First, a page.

Well Played? It Appears Bombardier Found A Way To Beat Boeing And The US Government

There was a rally interesting development last night in the trials and tribulations of the Bombardier C Series.  If you’re not a regular reader of my blog or an aviation geek, you may have never heard of the C Series.  So, let’s cover the cliff note version.

The C Series is the brainchild of Bombardier, the Canadian airplane manufacturer.  Looking to fill a gap between existing planes in the market, the C Series is meant to hold roughly 100-120 passengers.  There are smaller regional jets (Bombardier makes a decent chunk of them along with Embraer) and there are larger narrowbody jets (Airbus A319 and Boeing 737).  The C Series fits neatly between the two categories.

Bombardier has had trouble getting the new plane into service.  It’s hard to build a new plane, and Bombardier experienced all the growing pains they could, and then some.  They had a launch customer in Europe (Swiss Air).  And, they recently had a large purchase order from Delta for 75 planes.  That order appeared to save the C Series, and maybe Bombardier.  Bombardier has been heavily subsidized by the Canadian government to get this far.

Then, just a couple weeks ago, Boeing filed a complaint with the US Department of Commerce, alleging unfair trade practices by Bombardier.  Essentially, they claimed Bombardier was selling the planes to Delta at a loss with the Canadian government footing the bill. The government agreed and slapped a hefty 220% tariff on the plane.  In real dollars, that’s an extra $40 million-ish per plane sold by Bombardier to an airline in the US.

Given the financial shakiness of Bombardier, this started to have the feeling of a death march for the C Series.  Sure, there were final hearings.  But, it’s not like the current administration is taking such a global view right now.  Bombardier was unlikely to get help from anyone other than Delta in the US.  And, that probably wouldn’t have been enough.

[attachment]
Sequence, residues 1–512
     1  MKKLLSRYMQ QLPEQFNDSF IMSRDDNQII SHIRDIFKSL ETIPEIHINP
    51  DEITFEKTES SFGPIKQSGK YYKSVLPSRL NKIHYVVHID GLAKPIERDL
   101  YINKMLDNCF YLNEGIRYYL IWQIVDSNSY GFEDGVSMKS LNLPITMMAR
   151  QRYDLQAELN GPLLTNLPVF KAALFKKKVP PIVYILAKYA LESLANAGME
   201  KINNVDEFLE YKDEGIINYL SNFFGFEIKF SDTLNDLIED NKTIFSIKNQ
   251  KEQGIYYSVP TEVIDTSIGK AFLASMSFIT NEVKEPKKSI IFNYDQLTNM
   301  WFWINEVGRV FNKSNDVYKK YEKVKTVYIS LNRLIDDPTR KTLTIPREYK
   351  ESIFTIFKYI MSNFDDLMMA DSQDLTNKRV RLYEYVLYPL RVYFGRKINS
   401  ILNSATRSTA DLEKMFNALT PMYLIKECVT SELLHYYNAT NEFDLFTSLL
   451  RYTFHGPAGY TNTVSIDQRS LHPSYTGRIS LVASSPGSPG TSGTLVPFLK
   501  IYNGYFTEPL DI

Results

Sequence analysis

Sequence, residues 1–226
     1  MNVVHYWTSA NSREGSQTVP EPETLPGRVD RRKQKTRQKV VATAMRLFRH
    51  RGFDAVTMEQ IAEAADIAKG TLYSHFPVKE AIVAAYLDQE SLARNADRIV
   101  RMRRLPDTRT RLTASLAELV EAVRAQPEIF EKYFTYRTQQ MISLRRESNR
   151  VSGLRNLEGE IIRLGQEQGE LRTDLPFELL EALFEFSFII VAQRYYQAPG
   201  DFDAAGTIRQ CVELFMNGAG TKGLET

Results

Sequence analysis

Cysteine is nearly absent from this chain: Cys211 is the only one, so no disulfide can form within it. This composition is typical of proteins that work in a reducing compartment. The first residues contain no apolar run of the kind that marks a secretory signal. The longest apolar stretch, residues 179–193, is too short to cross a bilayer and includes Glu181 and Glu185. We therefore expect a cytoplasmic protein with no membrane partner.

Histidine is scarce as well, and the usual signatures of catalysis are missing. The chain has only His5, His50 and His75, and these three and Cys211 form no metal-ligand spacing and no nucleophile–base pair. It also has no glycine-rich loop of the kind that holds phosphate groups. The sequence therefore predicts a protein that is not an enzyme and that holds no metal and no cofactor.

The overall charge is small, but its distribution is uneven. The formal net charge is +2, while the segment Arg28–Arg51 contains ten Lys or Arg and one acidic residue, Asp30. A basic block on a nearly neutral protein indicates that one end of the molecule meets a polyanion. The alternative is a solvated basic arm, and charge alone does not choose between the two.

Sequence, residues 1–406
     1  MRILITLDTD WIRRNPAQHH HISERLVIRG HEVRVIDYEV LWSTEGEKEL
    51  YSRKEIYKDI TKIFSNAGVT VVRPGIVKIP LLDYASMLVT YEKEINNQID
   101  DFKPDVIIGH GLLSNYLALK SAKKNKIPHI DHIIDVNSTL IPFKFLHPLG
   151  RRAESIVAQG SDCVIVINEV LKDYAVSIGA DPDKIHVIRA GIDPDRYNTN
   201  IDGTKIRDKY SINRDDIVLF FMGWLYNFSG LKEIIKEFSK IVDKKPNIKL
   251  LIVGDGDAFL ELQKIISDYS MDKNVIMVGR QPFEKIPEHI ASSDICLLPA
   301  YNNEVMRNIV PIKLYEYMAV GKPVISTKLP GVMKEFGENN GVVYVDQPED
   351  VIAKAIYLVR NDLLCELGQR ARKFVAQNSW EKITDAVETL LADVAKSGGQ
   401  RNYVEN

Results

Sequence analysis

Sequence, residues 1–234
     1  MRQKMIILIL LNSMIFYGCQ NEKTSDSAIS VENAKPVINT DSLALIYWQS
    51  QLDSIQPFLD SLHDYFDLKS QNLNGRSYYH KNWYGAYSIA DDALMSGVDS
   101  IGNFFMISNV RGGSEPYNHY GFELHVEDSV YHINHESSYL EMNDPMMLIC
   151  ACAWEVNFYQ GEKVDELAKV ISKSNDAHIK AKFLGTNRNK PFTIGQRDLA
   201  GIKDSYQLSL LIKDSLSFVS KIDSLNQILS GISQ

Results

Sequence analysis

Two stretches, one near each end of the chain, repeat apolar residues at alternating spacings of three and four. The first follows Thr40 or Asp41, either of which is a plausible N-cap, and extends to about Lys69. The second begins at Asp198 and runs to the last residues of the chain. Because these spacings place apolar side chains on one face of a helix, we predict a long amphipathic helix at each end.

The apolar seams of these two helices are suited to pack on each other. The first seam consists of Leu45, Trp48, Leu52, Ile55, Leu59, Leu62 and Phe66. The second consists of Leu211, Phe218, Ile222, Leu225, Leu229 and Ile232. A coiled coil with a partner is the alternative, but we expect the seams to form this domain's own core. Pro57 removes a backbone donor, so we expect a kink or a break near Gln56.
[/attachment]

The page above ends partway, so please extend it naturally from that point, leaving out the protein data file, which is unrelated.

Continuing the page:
And Then, Last Night Happened

Bombardier and Airbus worked out a lifeline that appears to allow the C Series to be built in the United States.  Airbus has a final assembly plant in Alabama, where they plan to spin up another assembly line for C Series planes destined for US airlines (hi, Delta!).

For a more complete understanding of the deal, see this article by Jon Ostrower on CNN Money or this WSJ article (you might have to Google the title to get an unlocked version).  I’ll be honest, I think the WSJ article paints a really dour picture.

Sure, Bombardier is in a bad spot.  And, they only own about a third of the C Series venture going forward.  But, they didn’t really own 100% before this started given all the money owed to the Canadian government.  And, the US tariffs had the potential to wipe out the C Series.

However, there’s plenty to be excited about now.  This quote from Jon’s article points out:

The arrangement potentially opens the door to U.S. carriers to sign up for the jet. JetBlue Airways and Spirit Airlines, both large Airbus operators, voiced support for Bombardier’s position against the Department of Commerce.